Public mental health

Benedetto Saraceno, Melvyn Freeman and Michelle Funk

in Oxford Textbook of Public Health

Fifth edition

Published on behalf of Oxford University Press

Published in print September 2009 | ISBN: 9780199218707
Published online March 2011 | e-ISBN: 9780199609673 | DOI:

Series: Oxford Textbooks

Public mental health

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Mental health is an integral part of health. Consequently, public mental health is critical to achieving better health in populations. The prevalence of mental disorder is substantial with around 450 million people worldwide suffering from neuropsychiatric conditions. Suicide is among the leading causes of death in 15–45-year-olds. Moreover, mental disorder makes a considerable independent contribution to the burden of disease worldwide—accounting for 13 per cent of the global burden of disease. By 2030, it is estimated that unipolar depression will be the second-highest cause of disability-adjusted life years (DALYs) lost. Globally, the majority of people who need mental health care do not receive it. This ‘service gap’ is far highest in middle- and low-income countries. There are, however, cost-effective treatments available, and it has been estimated that the benefits of a basic specified package of treatment could lead to a reduction of 2000–3000 DALYs lost per million population. Inadequate and inappropriate mental health systems and services are a major cause of poor mental health outcomes. Decentralization of services and integration of mental health into general health care are critical to improve mental health status in populations. In middle- and low-income countries, additional trained personnel and facilities are required, especially in general health care. Though there are multiple determinants of mental disorder, social and economic factors are fundamental. Poverty, gender discrimination and violence/war are amongst the most important of these. Understanding social determinants is important for planning services; to initiate prevention and promotion; for advocacy and for the information of sectors outside of health that need to assist in improving mental health—such as social development, labour, education, and housing. Finding appropriate and adequate promotive and preventive interventions in mental health is increasing but remains an important area of growth. Given the inextricable connections between mental and physical health, and the importance of mental disorder as a health problem in its own right, this chapter shows that public mental health is central to improved global health.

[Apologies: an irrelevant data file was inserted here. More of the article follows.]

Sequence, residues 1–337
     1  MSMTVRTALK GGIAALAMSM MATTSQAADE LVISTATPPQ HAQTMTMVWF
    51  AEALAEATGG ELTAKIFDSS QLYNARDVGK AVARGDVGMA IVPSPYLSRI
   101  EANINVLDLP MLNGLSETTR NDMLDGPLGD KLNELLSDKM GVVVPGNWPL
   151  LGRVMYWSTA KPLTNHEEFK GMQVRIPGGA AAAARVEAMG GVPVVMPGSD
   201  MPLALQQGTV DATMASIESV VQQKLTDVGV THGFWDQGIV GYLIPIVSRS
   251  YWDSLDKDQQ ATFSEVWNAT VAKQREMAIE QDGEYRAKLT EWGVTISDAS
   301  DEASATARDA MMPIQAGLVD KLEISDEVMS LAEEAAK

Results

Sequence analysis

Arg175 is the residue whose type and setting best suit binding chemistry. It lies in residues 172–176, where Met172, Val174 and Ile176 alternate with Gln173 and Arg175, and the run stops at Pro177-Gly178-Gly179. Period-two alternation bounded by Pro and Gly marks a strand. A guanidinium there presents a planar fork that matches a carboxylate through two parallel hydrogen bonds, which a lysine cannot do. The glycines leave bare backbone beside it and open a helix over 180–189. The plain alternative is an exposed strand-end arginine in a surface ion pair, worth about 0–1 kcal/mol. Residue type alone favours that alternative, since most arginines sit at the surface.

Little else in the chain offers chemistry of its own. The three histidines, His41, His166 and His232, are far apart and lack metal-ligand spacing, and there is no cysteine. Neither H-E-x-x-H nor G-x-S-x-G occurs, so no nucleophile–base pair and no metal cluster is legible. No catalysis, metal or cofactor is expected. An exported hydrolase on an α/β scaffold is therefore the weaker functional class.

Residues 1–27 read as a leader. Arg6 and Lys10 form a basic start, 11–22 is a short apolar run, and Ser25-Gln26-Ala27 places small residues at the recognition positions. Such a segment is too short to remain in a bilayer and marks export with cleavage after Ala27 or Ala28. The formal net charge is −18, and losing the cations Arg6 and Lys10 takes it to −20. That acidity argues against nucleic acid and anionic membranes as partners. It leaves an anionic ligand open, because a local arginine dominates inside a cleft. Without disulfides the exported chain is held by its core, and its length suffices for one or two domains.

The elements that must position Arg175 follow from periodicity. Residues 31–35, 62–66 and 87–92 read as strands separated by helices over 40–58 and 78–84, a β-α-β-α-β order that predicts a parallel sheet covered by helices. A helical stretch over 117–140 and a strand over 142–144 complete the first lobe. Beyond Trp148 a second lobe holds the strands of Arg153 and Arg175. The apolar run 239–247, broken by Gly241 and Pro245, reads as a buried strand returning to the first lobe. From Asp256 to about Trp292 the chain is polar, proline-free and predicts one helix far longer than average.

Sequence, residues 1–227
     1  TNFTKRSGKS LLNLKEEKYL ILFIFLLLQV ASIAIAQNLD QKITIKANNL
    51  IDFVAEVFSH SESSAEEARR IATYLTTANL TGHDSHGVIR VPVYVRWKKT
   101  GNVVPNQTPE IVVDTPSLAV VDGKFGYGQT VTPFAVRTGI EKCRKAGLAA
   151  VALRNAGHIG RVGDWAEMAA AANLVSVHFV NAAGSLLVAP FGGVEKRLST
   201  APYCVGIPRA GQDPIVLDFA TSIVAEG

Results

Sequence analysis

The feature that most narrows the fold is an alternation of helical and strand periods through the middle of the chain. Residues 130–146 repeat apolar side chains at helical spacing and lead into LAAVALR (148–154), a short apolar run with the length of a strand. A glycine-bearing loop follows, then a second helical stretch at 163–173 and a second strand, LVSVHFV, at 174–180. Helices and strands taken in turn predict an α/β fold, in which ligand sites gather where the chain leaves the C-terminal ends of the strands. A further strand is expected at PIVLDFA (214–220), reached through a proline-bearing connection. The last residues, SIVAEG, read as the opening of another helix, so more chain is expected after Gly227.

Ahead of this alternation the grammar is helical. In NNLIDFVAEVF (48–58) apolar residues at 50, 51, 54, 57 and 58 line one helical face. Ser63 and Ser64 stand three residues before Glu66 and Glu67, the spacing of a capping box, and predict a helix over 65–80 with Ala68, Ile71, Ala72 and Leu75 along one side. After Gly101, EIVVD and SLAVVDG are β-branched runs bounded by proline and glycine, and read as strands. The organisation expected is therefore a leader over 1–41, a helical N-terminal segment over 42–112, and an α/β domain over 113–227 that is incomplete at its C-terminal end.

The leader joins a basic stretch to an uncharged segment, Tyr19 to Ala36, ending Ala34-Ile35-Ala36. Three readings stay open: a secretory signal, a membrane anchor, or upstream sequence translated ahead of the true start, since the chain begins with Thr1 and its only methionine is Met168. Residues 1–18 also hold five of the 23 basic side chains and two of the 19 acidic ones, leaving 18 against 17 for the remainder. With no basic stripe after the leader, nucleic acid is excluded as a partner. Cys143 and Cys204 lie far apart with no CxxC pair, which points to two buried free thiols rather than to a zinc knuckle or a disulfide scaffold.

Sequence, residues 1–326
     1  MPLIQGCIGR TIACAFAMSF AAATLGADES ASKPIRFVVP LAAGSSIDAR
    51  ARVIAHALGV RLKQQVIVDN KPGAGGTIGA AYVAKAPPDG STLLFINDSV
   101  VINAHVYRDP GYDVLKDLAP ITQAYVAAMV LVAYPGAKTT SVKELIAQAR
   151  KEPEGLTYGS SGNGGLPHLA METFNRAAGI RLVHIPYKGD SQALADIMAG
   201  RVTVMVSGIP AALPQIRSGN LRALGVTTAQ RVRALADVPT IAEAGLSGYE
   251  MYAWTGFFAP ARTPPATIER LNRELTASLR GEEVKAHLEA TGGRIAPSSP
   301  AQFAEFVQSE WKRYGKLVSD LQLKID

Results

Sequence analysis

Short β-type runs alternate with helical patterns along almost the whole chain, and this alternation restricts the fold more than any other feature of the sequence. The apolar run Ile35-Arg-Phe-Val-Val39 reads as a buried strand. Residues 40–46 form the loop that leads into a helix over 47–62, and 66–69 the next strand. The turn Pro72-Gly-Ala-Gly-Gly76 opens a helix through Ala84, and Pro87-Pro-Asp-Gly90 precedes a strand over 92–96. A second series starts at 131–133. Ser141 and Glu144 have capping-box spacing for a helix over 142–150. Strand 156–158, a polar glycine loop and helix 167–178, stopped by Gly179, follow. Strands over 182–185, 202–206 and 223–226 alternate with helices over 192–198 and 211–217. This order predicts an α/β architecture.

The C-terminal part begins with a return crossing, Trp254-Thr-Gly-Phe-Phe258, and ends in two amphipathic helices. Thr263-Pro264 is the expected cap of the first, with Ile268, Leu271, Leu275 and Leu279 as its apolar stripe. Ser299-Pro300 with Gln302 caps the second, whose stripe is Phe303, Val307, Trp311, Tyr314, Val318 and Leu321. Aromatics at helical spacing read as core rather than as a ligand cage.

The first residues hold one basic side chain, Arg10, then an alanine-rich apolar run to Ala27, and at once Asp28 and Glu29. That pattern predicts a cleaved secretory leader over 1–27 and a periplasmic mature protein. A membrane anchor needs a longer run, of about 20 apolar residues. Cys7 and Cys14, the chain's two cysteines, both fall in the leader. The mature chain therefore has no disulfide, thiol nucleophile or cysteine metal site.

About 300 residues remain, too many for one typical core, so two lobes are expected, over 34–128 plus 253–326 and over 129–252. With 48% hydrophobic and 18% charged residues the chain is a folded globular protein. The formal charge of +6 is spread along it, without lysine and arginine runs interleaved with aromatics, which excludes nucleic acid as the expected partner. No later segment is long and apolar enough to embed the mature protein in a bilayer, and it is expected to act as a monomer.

Chapter.  17502 words.  Illustrated.

Subjects: Public Health and Epidemiology ; Public Health

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